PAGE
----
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I'm computing Whitney numbers of the Divisor lattice of an integer $n = \prod_{p \mid n} p^{\text{ord}_{p}(n)} = p_1^{n_1} \cdots p_{q}^{n_{q}}$ using the formula quoted in Erdos and Szekely's "Pseudo-LYM inequalities and AZ identities" (immediately after Theorem 3.3) found here, \begin{align} N_{l} = \sum_{k_1 + \cdots + k_q = l} \binom{n_1}{k_1} \cdots \binom{n_q}{k_q}. \end{align} The sum is over the non-negative solutions of the linear Diophantine $k_1 + \cdots + k_q = l$, where $l$ is the rank and $0 \leq k_i \leq n_i$, where $n_i$ is the $i^{\text{th}}$ exponents of the prime decomposition $n$. The integer $l$ runs from $0$ to $\Omega(n) = \sum_{p \mid n} \text{ord}_p(n)$.

For $n = 2^{2} 5$, the known sequence of Whitney numbers is $\{1, 2, 2, 1\}$ with corresponding divisors $\{ \{1 \}, \{2, 5 \}, \{4, 10 \}, \{20 \} \}$. Using the formula above, I compute $\{1, 3, 3, 1\}$, as there are two solutions of the linear equation for $l = 1$ and three for $l = 2$, namely, $(0,1)$, $(1,0)$ and $(0,2)$, $(1,1)$, $(2,0)$, yielding \begin{align} \binom{2}{0} \binom{1}{1} + \binom{2}{1} \binom{1}{0} = \binom{2}{0} \binom{1}{2} + \binom{2}{1} \binom{1}{1} + \binom{2}{2} \binom{1}{0} = 3. \end{align} In fact, for any $n$, the formula above just computes $\binom{\Omega(n)}{l}$. Where is the over-counting? Should there be another restriction on the sum or is the formula just incorrect as stated?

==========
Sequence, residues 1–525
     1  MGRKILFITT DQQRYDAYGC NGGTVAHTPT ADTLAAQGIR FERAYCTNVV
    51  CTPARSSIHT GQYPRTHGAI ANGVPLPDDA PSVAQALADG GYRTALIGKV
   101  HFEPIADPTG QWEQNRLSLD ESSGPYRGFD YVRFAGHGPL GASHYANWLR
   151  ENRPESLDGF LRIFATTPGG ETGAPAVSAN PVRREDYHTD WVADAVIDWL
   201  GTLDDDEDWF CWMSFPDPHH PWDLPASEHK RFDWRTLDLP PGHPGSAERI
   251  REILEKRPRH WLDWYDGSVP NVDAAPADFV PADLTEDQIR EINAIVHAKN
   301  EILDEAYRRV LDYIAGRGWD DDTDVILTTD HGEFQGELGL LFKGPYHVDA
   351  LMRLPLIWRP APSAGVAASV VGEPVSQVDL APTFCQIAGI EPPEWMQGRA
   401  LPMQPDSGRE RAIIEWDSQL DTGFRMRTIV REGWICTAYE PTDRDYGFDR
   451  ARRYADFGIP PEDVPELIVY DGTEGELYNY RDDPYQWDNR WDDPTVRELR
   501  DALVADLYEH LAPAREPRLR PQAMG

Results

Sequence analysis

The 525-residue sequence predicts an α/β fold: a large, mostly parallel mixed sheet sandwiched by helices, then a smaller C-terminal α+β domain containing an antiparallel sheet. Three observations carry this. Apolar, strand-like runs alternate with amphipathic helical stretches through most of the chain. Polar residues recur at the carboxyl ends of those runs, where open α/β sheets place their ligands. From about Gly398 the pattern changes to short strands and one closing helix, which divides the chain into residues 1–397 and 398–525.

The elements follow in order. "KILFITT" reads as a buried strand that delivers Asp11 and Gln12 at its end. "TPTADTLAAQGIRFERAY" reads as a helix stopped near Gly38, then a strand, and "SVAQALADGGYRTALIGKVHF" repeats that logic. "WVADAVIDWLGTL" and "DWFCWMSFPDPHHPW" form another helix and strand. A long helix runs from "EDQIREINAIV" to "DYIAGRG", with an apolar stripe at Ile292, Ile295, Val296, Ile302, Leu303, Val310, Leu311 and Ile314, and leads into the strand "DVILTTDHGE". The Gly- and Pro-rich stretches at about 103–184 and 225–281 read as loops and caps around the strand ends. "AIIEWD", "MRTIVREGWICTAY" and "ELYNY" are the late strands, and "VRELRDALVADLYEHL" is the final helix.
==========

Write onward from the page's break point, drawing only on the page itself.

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The formula is incorrect as stated. It treats equal prime factors as distinct, and the result is simply $\binom{\Omega(n)}l$, the number of $l$-elements subsets of the (distinct) prime factors. The correct Whitney number is the sum over $1$ instead of the product of binomial coefficients; see here.

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